March 2009

Andrew Hudson has been making some beautiful curved-fold origami using grids from my recent work with electric fields:


I’m really looking forward to seeing how this develops.

While we’re on the subject of origami…    (video)

I made this using Tomohiro Tachi‘s brilliant ‘Rigid Origami Simulator’ (He has some other great stuff on his Flickr)
You can see physical versions of the same corrugations in my earlier deployables vid.
Here are the patterns:

corrugation patterns

Numbers 3 and 6 were found in the 60s by Ron Resch.
I think number 4 was first done by John Mckeever and 2 and 5 by Ben Parker

The ‘bricklaying’ style number 2 in particular seems promising to explore further. It has a nice volumetric quality when fully folded and feels quite strong. It looks like it could be easily adjusted to give different curvatures.

I was thinking these corrugations might work well as the core in a (curved) structural sandwich panel. I wonder, is anybody already doing this sort of thing?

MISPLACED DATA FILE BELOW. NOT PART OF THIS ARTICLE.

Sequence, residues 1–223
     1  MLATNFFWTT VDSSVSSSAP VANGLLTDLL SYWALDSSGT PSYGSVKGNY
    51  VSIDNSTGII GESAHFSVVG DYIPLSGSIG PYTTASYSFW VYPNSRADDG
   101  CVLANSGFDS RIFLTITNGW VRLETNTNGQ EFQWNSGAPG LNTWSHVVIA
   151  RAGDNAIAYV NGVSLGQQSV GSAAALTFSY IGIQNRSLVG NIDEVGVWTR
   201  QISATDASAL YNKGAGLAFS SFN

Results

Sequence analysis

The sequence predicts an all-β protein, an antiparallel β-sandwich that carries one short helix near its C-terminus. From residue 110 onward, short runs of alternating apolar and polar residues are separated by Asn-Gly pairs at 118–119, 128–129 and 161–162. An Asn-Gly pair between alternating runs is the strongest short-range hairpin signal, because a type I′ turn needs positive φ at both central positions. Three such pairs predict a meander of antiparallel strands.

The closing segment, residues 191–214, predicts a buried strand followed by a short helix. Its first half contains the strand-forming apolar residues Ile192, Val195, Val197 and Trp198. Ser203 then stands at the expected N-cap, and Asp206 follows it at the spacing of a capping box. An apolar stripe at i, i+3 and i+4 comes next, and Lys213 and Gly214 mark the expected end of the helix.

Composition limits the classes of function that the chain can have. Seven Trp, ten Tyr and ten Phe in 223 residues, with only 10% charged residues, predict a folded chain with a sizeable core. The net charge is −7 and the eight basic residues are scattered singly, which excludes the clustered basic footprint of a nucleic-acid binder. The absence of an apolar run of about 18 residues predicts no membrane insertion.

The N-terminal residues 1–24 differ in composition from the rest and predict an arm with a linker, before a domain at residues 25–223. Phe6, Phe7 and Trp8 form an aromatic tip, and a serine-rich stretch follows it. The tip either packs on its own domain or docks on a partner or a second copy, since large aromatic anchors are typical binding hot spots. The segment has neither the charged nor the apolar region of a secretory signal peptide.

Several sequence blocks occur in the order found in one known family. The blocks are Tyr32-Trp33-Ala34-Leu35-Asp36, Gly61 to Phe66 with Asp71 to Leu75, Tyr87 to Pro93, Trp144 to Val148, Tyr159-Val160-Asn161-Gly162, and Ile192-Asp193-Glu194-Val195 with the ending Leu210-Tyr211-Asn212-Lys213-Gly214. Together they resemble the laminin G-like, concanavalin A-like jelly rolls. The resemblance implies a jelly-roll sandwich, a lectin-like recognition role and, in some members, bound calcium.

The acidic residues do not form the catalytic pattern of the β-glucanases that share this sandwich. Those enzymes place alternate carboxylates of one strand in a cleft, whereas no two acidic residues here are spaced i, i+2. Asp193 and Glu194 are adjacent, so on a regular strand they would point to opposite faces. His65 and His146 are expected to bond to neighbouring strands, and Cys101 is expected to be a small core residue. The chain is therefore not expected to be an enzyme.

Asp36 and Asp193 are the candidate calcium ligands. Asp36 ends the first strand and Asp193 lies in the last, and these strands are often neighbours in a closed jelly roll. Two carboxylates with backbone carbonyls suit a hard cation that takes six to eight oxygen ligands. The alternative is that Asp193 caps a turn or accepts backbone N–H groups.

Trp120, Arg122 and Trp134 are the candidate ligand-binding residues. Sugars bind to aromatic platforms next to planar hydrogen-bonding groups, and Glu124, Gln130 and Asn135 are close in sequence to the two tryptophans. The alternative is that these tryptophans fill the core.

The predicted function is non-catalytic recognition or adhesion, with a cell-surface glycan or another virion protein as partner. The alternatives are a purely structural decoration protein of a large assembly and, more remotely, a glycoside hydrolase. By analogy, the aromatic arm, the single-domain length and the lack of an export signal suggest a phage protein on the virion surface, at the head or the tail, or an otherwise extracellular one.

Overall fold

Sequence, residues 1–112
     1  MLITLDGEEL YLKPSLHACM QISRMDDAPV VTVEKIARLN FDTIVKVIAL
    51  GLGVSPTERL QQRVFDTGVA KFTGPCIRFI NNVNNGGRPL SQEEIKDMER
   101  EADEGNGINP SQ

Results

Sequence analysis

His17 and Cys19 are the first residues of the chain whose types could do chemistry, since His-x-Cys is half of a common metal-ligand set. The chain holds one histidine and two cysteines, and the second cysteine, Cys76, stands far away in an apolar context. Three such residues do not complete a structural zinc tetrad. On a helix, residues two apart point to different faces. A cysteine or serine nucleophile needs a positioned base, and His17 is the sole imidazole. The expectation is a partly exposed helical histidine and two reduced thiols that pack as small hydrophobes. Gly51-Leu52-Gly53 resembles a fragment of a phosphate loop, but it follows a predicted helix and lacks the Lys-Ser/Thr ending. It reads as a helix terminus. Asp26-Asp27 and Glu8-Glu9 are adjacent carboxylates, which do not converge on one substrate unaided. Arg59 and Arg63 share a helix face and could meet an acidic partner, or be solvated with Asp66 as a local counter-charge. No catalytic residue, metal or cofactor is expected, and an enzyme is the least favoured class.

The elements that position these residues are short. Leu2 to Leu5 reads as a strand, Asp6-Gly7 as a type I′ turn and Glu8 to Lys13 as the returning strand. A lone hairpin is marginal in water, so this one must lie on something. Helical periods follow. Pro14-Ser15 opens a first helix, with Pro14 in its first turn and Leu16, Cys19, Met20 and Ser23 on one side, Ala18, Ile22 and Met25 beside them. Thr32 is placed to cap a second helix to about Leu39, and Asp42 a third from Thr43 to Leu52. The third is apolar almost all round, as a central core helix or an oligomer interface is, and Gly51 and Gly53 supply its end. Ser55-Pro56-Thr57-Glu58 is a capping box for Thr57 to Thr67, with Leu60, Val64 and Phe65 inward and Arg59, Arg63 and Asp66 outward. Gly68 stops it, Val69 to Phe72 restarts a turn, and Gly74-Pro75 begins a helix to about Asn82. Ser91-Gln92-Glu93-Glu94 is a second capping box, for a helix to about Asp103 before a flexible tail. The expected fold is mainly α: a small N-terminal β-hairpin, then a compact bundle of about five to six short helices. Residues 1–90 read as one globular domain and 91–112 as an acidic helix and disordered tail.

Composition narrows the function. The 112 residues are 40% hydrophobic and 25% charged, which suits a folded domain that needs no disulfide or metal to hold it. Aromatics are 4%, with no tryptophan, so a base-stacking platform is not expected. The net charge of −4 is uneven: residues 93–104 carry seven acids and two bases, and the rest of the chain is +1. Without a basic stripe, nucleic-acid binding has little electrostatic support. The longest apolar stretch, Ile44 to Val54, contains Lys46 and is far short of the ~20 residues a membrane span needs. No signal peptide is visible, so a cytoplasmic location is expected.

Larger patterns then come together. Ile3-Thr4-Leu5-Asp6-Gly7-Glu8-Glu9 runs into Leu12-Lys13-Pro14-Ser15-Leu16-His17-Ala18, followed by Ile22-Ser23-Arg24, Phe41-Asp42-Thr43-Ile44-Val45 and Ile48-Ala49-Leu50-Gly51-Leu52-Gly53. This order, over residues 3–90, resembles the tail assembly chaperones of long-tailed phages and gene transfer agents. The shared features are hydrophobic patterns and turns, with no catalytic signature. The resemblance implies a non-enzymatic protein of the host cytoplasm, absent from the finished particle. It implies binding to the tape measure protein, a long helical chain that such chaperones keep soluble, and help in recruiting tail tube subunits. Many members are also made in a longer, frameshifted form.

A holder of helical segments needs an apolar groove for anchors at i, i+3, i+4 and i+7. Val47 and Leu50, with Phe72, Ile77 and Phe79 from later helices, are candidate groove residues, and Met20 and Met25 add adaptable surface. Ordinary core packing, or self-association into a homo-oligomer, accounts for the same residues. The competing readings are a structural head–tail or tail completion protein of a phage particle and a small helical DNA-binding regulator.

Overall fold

just found an example of this sort of ‘industrial origami’ here: Tessellated Group

Next step would be to combine it with something a bit like this pattern for variable curvature (by Tomohiro Tachi again).


Of course you would need to fold the linerboard as well, or use multiple strips. But doubly curved sandwich panels – Surely that could be really useful for all sorts of things!

We all know Voronoi diagrams right? At the AA there was a bit of a running joke about how much they were used. A quick image search will turn up thousands of design projects based on them. Their wide appeal is understandable – they have a simple and clear logic which can be used to generate organic looking tessellations from any pattern of input points.

The recent obsession with them in architecture schools goes back maybe 6 or 7 years, but they were invented more than 100 years ago. So are there still aspects of them which have not yet been explored?

Click image to download jitterbug.ghx

download jitterbug.ghx


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